Secure Shell Technology


Update 2010

I've found Unison, which is better than either of the copy programs previously mentioned.

On the initiation side, I've found Unison to work only with SSH Secure Shell client because of the way it spawns ssh and starts a comm link on the local client computer.

On the server side, freeSSHd seems to be a good all-around Windows SSH server however when a Mac OSX client calls, somehow the authentication process hangs. Therefore, I sync between Mac/Windows by initiation on the Windows end and letting the Mac be the SSH server.

Update 2013 - Inability to initiate Unison from a Mac to a Windows XP computer is a bug in freeSSHd. When I switched to Bitvise's WinSSHD, all works well.

Update January 2010

A brute force attack from the outside world, trying 100s of different usernames into my SSH port, convinced me to switch to a non-standard port away from Port 22 and remove simple password authentication. Read more at Alternate SSH port on Mac OS 10.6 .2. You can also read more about Removing password access to SSH server on Linux Mandriva 2008 and Mac OS 10.6 .2''

Finding SSH

A friend stood up SSH technology and invited me to access his computer from a remote location. The invite snowballed into an afternoon of learning.

An SSH server on my Mandriva 2006.0 machine allows a command line login and then if I bring up a GUI interface, say konqueror, it works fine. My friends' computer was stood up as a file server, so it didn't have many GUI programs. A few X-Windows graphics seem to work, but nothing was interactive. I was mostly stuck with command line utilities.

Looking to transfer some bulk files back and forth, I stumbled across the putty, a free SSH (and telnet) client that runs in the Windows environment. Putty consists of a half dozen or so executable files, run from the command line. Some allow you to double click to a GUI. Here are the two I found useful.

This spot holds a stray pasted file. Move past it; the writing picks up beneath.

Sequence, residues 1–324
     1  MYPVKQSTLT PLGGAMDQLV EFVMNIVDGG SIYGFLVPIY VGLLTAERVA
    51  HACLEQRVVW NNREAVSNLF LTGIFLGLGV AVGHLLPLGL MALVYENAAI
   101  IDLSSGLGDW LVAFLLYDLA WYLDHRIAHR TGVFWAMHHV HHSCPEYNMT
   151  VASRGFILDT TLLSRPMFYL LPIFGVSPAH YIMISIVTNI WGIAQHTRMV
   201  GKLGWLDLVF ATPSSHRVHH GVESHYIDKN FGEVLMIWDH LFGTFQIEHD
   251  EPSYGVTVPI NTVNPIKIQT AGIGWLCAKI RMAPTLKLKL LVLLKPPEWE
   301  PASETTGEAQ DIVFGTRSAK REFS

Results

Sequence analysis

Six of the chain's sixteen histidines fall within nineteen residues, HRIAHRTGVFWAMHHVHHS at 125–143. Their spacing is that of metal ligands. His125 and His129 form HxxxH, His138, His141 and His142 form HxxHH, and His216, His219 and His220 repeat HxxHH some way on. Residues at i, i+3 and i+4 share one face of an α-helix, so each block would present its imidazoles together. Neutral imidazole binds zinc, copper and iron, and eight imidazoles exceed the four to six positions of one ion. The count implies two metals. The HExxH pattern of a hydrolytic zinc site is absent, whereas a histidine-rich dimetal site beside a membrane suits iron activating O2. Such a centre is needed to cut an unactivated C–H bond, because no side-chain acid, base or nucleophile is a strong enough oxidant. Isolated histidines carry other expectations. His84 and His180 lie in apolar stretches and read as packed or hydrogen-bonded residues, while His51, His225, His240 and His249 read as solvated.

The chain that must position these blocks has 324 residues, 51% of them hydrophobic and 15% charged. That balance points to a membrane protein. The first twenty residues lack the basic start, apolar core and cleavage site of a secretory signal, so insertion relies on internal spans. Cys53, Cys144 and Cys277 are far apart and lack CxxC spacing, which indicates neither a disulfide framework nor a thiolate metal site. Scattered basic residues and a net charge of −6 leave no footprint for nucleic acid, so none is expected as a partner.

Command lines:

pscp -unsafe -p -r -P 13 increa at 63.78.xx.xx:/etc/* c:etc

-p --uh forgot what this parameter did.
-r causes recursion into sub directories.
-P 13 causes the program to use port 13 rather than the default.
increa at 63.78.xx.xx is the ssh host computer.
/etc/* is the Linux directory to copy from.
c:etc is the windows directory to copy to.
-unsafe causes pscp to accept filenames that it didn't ask for.

Regarding the options "-unsafe", if the ssh host is compromised or has mal intents, it could send anything and pscp will dutifully save it, even writing over the filename if it previously exists. This option is required when doing global copies because the file name you ask for (which includes an asterisk) won't match any of the filenames you actually get.

Sadly, this command aborts when a file is come across for which you don't have read permissions. So... I tried another command:

psftp -P 13 -v -l increa 63.78.xx.xx

-P 13 causes the program to use port 13.
-v causes verbose output, listing each file as it's transferred.
-l uh... I don't remember.
increa is the ssh username.
63.78.xx.xx is the ssh host I'm try to reach.

This command happily copied dozens of files, but it wasn't so fast, so I eventually went to bed. At about 2:04 in the morning, the ssh host hung up on me. I don't know why.

Under Linxu scp (secure copy), is available.

Created by brian. Last Modification: Sunday 18 of August, 2013 16:21:06 EDT by brian.